He uses his 6-foot-8, 205-pound frame to his advantage, grabbing 4.7 rebounds per game in high school with the help of his 7-foot-0 wingspan.

Houstan has the ability to shoot the best of them and didn’t get a chance to fully prove it in college.

He’s a great point shooter and that’s where most of his points come from. It seems to be where he’s most comfortable on the pitch, coming off screens and dribbling transfers to hit threes.

His career-best college game came against Rutgers where he scored 21 points while shooting 5-for-9 from behind the arc. This proves his ability to command the defense not to sag from the outside, which helps all players around him look better to the edge.

Defenders challenging his shot don’t seem to bother him too much, as he has a very high trigger point on his jumper. It has a very deep range that should translate well to the next level.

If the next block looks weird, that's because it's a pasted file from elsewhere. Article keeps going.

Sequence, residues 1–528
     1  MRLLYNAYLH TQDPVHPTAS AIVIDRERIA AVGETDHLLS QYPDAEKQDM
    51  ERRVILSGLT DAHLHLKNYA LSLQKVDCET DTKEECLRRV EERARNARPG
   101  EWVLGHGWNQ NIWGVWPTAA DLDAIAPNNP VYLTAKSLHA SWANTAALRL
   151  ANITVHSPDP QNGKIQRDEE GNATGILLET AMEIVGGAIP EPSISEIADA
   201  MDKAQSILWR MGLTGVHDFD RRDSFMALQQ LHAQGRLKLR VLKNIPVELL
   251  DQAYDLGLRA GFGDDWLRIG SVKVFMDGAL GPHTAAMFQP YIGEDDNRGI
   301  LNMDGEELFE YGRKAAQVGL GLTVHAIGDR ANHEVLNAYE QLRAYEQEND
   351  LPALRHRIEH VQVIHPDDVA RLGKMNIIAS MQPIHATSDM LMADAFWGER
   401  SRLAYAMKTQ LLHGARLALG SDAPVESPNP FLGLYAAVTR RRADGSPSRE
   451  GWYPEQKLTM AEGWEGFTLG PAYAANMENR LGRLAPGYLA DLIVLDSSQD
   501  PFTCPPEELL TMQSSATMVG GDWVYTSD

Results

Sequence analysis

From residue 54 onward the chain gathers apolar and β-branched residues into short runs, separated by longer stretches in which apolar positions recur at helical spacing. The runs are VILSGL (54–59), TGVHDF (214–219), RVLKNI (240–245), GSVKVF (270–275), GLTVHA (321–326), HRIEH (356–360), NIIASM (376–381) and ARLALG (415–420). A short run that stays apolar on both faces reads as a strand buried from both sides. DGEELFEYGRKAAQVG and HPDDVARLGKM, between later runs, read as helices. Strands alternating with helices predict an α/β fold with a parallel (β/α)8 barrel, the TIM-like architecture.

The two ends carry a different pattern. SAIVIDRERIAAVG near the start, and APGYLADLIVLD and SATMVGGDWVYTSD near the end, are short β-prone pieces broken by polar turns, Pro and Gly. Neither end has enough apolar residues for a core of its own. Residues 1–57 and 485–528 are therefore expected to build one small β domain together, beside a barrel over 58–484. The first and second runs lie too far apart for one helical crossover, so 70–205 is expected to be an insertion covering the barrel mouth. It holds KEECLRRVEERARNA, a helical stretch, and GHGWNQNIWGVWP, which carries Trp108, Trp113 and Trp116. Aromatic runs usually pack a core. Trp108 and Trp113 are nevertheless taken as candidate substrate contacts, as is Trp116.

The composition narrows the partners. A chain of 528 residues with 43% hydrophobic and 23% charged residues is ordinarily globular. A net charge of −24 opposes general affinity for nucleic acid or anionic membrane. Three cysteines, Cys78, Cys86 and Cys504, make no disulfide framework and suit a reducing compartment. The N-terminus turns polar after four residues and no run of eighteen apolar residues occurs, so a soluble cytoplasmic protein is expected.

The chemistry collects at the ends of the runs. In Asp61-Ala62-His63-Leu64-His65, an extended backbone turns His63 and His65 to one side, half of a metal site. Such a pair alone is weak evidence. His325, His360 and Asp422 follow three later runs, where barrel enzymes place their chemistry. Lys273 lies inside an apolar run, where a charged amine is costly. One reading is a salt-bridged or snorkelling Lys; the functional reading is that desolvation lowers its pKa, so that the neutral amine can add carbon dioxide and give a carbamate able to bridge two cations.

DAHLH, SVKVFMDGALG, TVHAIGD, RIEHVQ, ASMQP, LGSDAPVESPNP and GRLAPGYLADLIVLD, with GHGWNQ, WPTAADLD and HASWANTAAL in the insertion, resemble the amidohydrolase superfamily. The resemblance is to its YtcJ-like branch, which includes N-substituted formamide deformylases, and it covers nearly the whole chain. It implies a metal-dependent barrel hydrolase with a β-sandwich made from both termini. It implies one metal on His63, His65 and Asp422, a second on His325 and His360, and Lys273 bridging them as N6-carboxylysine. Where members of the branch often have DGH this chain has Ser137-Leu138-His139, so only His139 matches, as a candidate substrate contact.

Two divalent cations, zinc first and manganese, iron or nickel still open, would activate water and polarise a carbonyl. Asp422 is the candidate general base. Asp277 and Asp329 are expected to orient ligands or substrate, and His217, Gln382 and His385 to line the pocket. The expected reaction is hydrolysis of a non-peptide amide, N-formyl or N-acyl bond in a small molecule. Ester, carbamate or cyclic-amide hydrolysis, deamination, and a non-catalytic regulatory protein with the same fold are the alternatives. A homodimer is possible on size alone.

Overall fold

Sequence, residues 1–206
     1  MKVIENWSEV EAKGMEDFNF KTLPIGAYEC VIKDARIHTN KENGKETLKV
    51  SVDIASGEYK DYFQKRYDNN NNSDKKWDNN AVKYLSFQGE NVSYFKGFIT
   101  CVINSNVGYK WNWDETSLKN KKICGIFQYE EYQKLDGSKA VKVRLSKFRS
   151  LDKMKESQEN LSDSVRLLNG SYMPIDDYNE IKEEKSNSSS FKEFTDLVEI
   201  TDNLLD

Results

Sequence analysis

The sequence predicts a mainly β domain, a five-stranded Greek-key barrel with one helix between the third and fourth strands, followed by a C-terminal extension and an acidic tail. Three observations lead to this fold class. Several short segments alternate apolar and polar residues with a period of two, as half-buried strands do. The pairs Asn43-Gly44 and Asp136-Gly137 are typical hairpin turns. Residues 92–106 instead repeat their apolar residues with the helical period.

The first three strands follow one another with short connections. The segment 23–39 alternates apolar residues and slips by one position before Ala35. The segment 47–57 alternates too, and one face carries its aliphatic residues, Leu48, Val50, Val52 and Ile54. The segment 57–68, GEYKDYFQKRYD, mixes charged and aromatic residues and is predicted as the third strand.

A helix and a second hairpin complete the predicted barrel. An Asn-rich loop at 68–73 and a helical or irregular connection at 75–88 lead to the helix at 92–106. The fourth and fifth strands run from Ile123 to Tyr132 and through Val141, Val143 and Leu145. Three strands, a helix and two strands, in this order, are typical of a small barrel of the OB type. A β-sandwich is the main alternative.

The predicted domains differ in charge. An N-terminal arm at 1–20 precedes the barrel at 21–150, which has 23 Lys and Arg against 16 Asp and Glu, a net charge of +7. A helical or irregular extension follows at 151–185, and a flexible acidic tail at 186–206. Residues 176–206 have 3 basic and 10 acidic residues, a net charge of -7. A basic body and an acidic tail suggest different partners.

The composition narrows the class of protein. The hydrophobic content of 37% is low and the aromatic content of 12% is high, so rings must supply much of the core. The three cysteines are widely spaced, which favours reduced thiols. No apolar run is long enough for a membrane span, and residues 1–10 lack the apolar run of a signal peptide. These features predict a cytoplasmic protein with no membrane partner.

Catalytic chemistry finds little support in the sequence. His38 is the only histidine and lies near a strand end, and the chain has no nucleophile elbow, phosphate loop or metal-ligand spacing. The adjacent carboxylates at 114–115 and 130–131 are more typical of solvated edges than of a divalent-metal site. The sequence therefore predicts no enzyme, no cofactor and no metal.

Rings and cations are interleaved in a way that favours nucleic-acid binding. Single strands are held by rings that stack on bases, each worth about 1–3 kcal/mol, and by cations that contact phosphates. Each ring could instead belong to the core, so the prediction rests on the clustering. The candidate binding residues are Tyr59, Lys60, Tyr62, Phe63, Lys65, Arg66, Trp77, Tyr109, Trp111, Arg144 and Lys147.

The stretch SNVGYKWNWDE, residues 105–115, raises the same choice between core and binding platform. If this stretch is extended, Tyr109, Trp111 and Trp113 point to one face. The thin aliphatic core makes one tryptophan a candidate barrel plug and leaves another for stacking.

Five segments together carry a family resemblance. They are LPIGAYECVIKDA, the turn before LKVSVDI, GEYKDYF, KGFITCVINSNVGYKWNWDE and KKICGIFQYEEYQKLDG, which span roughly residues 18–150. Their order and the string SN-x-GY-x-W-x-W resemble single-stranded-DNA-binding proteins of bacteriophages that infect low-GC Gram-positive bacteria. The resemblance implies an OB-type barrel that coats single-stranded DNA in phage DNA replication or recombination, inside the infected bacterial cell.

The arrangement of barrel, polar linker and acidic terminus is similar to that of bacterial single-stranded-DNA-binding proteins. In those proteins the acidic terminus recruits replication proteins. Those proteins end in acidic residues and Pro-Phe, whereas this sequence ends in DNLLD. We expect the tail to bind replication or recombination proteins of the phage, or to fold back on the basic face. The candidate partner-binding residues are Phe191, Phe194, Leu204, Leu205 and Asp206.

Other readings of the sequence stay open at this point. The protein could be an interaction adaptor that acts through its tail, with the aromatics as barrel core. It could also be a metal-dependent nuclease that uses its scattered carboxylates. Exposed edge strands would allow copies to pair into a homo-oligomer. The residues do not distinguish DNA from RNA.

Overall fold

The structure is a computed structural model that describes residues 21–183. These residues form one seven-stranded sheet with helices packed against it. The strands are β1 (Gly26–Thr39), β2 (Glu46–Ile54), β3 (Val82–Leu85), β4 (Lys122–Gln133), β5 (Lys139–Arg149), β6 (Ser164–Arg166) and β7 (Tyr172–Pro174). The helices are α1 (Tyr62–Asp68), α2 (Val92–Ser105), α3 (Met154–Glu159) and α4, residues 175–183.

His dribbling pull-up and any dribbling shot are really glaring weak points in his game. He moves very well with the ball but when it comes to creating his own shot he struggles.

He relies heavily on the strength and play of his teammates to get open shots. Playing at a professional level should actually help his game because when the defense focuses on other players, his game will flourish.

Houstan’s ball handling could use a bit of work but it’s not what is expected of him for his size and style of play. He transitions well due to his ability to see over the top defense. But in the half-court, he can make a few telegraphed passes.

His defense is useful. He’ll be a target, but he probably won’t win a Defensive Player of the Year award anytime soon. His good point on this end of the ball is his off-the-ball and spinning defense. He uses his length to help drive opponents towards the basket and can challenge and modify shots with his wingspan.

Houstan played well in Michigan’s first-round upset against Colorado State in the NCAA Tournament, scoring 13 points and grabbing five boards. His next two games weren’t so encouraging, scoring zero points in Tennessee’s second-round loss to Michigan. It practically disappeared at times. He scored just five points in his team’s loss to Sweet Sixteen against Villanova.